Blog Archives

How to replace Chromium with Firefox in Lubuntu 12.04

Chromium may be included by default in Lubuntu 12.04, but there’s nothing stopping you from swapping it out for Firefox if you’d like.

If you’ve recently installed Lubuntu 12.04, you’ll notice that the distro comes with a bunch of applications included by default—enough to cover all your basic web browsing, e-mail, media player and word processing needs. Chromium, an open-source version of the popular Google Chrome browser, is included as the default browser in 12.04. Chromium is fast, elegant, and feature-filled, and most users will probably find it perfectly suitable for them. (In fact, according to some reports, it has recently surpassed Internet Explorer as the most popular browser on the planet.)

However, if you want to use something besides Chromium, there are other options out there. My browser of choice for the past seven or eight years has been Firefox. Mozilla’s popular open-source browser is fast and has a ton of useful add-ons you can download and install. Plus, you don’t have to worry about Google tracking every move you make—a key feature for those of us who are concerned about privacy in the digital arena.

If you prefer to use Firefox, it’s very simple to replace Chromium with another browser. Read the rest of this entry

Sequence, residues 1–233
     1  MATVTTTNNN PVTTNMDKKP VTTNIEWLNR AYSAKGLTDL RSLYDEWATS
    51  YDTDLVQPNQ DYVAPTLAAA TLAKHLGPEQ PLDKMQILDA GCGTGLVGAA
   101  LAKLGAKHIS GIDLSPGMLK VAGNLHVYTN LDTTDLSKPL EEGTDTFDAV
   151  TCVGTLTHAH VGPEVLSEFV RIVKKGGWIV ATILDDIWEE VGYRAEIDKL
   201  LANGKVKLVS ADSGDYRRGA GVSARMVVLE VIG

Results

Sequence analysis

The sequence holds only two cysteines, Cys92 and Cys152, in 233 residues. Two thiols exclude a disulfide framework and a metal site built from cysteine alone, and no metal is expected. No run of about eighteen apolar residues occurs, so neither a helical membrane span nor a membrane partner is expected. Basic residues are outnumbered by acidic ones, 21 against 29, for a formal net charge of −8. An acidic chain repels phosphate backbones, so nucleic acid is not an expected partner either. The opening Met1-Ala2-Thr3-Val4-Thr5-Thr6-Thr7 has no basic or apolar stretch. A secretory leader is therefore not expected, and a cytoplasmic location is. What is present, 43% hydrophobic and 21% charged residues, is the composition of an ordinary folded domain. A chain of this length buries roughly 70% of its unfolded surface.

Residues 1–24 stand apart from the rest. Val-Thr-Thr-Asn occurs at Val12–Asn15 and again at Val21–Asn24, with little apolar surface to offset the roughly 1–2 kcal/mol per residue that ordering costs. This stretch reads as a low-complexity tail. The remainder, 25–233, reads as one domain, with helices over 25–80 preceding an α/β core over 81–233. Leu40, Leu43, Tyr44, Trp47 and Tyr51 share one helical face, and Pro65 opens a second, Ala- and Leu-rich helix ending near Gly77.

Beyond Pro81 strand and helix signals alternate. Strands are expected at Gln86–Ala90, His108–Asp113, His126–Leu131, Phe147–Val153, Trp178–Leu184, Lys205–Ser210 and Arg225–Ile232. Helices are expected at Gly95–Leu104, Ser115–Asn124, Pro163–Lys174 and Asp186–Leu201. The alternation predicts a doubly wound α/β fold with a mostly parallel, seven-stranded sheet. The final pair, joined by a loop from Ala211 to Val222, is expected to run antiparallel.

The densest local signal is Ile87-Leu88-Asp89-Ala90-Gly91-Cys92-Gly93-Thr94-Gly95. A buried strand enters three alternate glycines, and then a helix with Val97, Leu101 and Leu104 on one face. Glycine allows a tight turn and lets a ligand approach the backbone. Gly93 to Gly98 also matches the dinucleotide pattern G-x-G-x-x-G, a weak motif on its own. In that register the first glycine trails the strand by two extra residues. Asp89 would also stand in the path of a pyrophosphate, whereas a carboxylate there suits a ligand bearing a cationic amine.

Six things to do after installing Lubuntu

If you’re reading this, I assume you’ve successfully installed Lubuntu onto your hard drive and have gotten to know the user interface. You might be feeling a bit overwhelmed from the installation experience, so the idea of doing even more fiddling around might not appeal to you at this moment. However, there are several helpful things any user should consider after making a fresh install of Lubuntu.

#1: Update

This is probably the most important thing you need to do. Fortunately, it’s also one of the simplest. Go to the menu, hover your mouse over System Tools, and select Update Manager. Update Manager will then check the Ubuntu repositories for updates. If you didn’t update during the install or if any updates have appeared since then, a list of programs will appear. Click “Update” at the bottom of the screen and your computer will do the rest.

By default, Lubuntu will check for updates automatically. If any are available, it will bug you about it, so you probably won’t have to manually update the software unless you want to. It’s good to know how to do it, however, and it’s especially critical to download updates after installing Lubuntu so any bugs can be fixed. Read the rest of this entry